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All children do best when they live in safe, stable, and nurturing families, yet far too many children lack this fundamental foundation. Every year, millions of children are abused or neglected—close to 300,000 so egregiously that they are removed from their homes by the state and placed in foster care. For too many of these children, foster care is no safe haven. Instead, the children drift from foster home to foster home, lingering in care while awaiting a permanent, “forever family.” In 1998, The Future of Children examined the problem of child maltreatment and offered recommendations for preventing abuse and neglect. This journal issue focuses on the challenges of helping children after abuse and neglect has occurred by strengthening the web of supports for children and families in foster care.

Public opinion polls reveal that the public is largely uninformed about foster care, yet highly critical of the system. In a 2003 poll of voters by the Pew Commission on Children in Foster Care, most respondents were generally unfamiliar with the child welfare system that administers foster care, but more than 50% believed it needed major changes, if not a complete overhaul.1 These impressions are no doubt fueled by media accounts of tragic incidents, such as the death of 2-year-old Brianna Blackmond in Washington, D.C., two weeks after a judge returned her to her mother’s custody without reviewing the child welfare agency’s report recommending that she not be reunified;2 or the inability of child welfare workers in Florida to find 5- year-old foster child Rilya Wilson and 500 others like her over the past decade;3or reports of Brian Jackson, a 19-year-old adopted foster youth in New Jersey who weighed only 45 pounds and was found rummaging through a garbage can for food because he and his brothers were apparently being starved by their adoptive parents.4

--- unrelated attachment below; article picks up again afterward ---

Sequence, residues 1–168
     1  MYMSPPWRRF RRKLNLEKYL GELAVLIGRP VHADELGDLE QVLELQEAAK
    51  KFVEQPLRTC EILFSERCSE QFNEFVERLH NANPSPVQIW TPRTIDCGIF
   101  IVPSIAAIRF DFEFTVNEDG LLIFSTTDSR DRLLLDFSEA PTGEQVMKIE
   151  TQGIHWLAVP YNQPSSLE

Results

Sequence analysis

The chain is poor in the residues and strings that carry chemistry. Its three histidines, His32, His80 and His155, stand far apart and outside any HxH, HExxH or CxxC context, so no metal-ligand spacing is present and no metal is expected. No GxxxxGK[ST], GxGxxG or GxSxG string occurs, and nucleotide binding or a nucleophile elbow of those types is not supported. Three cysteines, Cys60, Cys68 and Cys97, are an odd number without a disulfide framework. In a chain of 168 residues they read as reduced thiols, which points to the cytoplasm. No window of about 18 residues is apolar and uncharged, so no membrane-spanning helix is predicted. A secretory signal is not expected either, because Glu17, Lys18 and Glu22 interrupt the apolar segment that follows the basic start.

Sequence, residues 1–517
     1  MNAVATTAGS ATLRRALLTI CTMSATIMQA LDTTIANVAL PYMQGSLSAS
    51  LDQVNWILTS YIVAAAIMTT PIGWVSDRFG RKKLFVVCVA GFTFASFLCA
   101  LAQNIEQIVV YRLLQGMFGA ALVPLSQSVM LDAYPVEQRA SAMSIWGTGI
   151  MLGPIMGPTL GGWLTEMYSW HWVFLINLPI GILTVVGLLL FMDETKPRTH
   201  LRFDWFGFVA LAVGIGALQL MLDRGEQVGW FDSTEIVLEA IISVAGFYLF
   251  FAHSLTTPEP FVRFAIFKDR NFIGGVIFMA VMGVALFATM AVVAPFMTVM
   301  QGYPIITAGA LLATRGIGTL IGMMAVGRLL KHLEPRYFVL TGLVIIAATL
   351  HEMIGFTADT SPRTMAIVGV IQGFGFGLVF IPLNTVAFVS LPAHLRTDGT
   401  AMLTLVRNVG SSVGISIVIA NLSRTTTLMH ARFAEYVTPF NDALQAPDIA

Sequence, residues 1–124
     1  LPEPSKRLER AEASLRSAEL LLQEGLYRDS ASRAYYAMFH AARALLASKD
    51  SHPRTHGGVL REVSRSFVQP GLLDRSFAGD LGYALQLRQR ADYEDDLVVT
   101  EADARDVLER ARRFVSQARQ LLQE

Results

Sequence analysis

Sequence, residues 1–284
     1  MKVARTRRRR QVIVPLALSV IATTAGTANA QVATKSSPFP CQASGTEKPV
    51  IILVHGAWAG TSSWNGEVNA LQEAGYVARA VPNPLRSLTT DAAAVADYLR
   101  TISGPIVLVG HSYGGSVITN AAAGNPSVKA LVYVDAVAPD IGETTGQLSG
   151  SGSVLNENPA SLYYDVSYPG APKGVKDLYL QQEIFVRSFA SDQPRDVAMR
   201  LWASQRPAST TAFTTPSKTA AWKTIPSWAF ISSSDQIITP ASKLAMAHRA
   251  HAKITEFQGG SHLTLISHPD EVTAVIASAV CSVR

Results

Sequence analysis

Media reports of system failures are tragic, heartbreaking, and at times, chilling. In their wake, public calls to “do something” about foster care are made, and changes in organizational leadership, policy, and practice often follow. Yet policymaking in the aftermath of tragedy is often over reactive and piecemeal. Effecting enduring change requires a thoughtful understanding of the inherent challenges the child welfare system faces on a daily basis. As Judge Ernestine Gray states in her commentary in this journal issue, truly understanding the child welfare system and pursuing meaningful and lasting reform require a close examination of how the system works “when the cameras are off and the reporters are gone.”

This journal issue examines the current state of the foster care system and finds that it is really not a cohesive system but a combination of many overlapping and interacting agencies, all charged with providing services, financial support, or other assistance to children and their families. Lack of coordination among agencies, chronic underfunding, and low morale have led to a system that exacts a toll on everyone it touches. Children may suffer, as the incidents described above suggest. But so do foster parents and the relatives who step in to care for children who cannot remain with their birth parents; so do harried caseworkers; and so do birth parents who would like to reunite with their children but find the path difficult. Too few of the players in the system have adequate training for their responsibilities and, as a result, children and families frequently do not receive the services and supports they need. Instead, the child welfare system labors in an atmosphere of distrust, impending failure, and reflexive, uniform solutions that rarely succeed for anyone. Recent reforms have shifted some of the priorities within the system, but much more needs to be done. This article discusses the major challenges faced by the child welfare system and offers policy and practice recommendations that can improve how children and families experience foster care.



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